Stopping amnesty is entirely within the power of senators who oppose it. Later today, the Senate will vote on whether to proceed on the bill. To revive the once-stalled bill will require 60 votes, which means that if the senators who vote no and the senators who don’t vote add up to 41, the bill is dead. The best vote count now has 33 no votes plus the non-vote of the ill Sen. Tim Johnson. Assuming this count is accurate, only seven more are needed to stop amnesty.
Those votes are available from a bipartisan group of senators who say they oppose the amnesty bill. They are Sens. Kit Bond, Sam Brownback, Richard Burr, Thad Cochran, Norm Coleman, John Ensign, and Jim Webb. If any of these senators votes to revive the bill, his professions of opposition to amnesty should no longer be taken seriously. He will have done his crucial bit, when the amnesty bill was most vulnerable, to help shepherd it to passage. We know how senators who claim to oppose amnesty will try to explain away a vote to revive the bill. They will rely on procedural obfuscation: They didn’t want to obstruct the process, they wanted to get a vote on an amendment, etc. But amnesty is staying in the bill — no amendment to strike the bill’s central features has any chance of passage — and it deserves to be obstructed.
Here’s a look at where these seven senators stand:
Kit Bond (R., Mo.): He has the very model of a contradictory stand on this bill. He is saying that he will vote for cloture — that is, for taking up the bill again — and then offer an amendment that would gut the Senate deal by stripping the “path to citizenship” from the bill. (Under his amendment, that is, illegal immigrants would be legalized but would be ineligible for green cards.) His amendment will go down to inevitable defeat, so the more reasonable way for him to express his opposition to the bill would be to vote against cloture. By the time his amendment fails, it may well be too late to stop the bill. The other senator from Missouri, the newly elected Democrat Claire McCaskill, has figured this out even if Bond has not. She is voting no on cloture. Missouri voters would do well to reflect on the fact that their junior Democratic senator has a more consistent and effective position against amnesty than their senior Republican one.
Sam Brownback (R., Kan.): He says he is against a pathway to citizenship and against amnesty. Brownback has shifted on the issue by taking a tougher position on amnesty than he did last year. Whatever political good he did for himself by that change would be wiped out by voting for cloture — and help pass exactly the provisions he now says he opposes.
Richard Burr (R., N.C.): He says he is opposed to amnesty but he wants the bill to come up for debate. Yet the debate is rigged: The supporters of the bill will knock down any meaningful changes to it and pass their core deal. Burr should take note of his senior colleague Sen. Elizabeth Dole’s position. Quite logically, she opposes amnesty and will therefore vote against cloture.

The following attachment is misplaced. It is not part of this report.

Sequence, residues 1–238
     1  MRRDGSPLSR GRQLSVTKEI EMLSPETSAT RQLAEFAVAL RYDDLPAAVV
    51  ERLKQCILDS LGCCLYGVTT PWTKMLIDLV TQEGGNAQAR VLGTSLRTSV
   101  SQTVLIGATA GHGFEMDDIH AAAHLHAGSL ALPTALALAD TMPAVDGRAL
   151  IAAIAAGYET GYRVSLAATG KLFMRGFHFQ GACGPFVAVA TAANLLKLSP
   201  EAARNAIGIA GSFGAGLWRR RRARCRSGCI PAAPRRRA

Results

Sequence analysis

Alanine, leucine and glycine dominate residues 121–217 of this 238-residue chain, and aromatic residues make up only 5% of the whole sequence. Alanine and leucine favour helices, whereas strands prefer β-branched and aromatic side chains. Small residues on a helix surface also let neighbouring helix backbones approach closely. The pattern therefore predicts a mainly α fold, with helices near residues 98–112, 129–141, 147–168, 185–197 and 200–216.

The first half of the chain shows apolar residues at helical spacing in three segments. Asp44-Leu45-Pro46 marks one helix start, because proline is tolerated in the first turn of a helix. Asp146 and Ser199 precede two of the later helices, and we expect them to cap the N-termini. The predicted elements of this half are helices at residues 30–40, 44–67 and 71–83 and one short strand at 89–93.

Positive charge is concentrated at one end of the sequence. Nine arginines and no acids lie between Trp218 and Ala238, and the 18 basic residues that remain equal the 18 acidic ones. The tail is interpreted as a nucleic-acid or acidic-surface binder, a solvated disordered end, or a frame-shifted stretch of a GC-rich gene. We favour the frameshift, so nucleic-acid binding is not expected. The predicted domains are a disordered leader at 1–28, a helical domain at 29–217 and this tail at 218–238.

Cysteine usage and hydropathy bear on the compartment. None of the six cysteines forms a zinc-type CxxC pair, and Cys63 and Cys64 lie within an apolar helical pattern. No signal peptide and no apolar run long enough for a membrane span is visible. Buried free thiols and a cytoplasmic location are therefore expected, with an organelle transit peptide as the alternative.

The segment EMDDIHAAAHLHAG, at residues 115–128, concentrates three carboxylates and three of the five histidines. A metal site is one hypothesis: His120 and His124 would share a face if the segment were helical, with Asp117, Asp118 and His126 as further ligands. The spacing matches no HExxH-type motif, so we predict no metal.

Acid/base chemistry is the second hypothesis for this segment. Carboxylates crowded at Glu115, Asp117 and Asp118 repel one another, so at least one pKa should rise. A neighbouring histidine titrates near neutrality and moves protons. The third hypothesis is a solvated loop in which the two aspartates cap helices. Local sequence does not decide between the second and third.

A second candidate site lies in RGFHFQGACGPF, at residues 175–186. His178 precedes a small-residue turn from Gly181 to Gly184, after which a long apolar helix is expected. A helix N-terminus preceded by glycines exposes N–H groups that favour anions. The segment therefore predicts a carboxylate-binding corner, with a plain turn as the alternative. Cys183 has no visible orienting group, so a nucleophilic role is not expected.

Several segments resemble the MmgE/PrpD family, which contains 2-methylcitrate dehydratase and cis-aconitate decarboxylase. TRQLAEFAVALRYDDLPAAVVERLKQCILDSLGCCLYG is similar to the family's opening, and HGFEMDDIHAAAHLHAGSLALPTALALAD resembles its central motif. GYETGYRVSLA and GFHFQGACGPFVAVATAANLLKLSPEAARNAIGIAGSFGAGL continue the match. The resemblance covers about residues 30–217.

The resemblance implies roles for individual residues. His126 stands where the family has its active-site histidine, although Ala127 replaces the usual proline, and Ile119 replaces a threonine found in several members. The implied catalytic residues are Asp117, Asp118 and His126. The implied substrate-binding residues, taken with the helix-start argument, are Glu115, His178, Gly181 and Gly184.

Thad Cochran (R., Miss.): He has said he’s listening to his constituents and wants to see how the debate plays out. But there is no chance that the bill will satisfy his stated goals of “secur[ing] the borders” and improving “enforcement of illegal entry.” From the outset he should — unlike his colleague Trent Lott — vote the will of his constituents, and against cloture.
Norm Coleman (R., Minn.): During the debate on the bill a few weeks ago, he offered an amendment to prevent the creation of so-called “sanctuary cities” that don’t enforce immigration laws. He is missing the point: Under this bill, the entire country will in effect become a sanctuary city. He can help stop it from happening by voting against cloture.
John Ensign (R., Nev.): He recently joined with staunch opponents of the bill, including Sens. Sessions, DeMint, and Vitter, in a letter to President Bush saying that border security is “the best way to restore trust with the American people and facilitate future improvements of our immigration policy.” That sentiment is inconsistent with doing anything to advance this amnesty-first bill. He has said calls and e-mails have been running “a hundred to one against” the bill. He must know as chairman of the senatorial campaign committee that his candidates will suffer from an ongoing debate and fight with their Republican base over this bill. The Nevada senator shouldn’t want to gamble that the legislation will be improved on the floor after he votes for cloture.
Jim Webb (D., Va.): He campaigned against amnesty last year, and he voted against cloture a few weeks ago. Other Democratic freshmen who ran against amnesty in 2006, such as McCaskill and Jon Tester of Montana, are expected to vote against cloture. Webb should too. It’s too soon for him to go native and engage in Washington games to pass legislation he says he opposes.
These are seven senators who can block amnesty. Will they do it? We’ll know soon enough.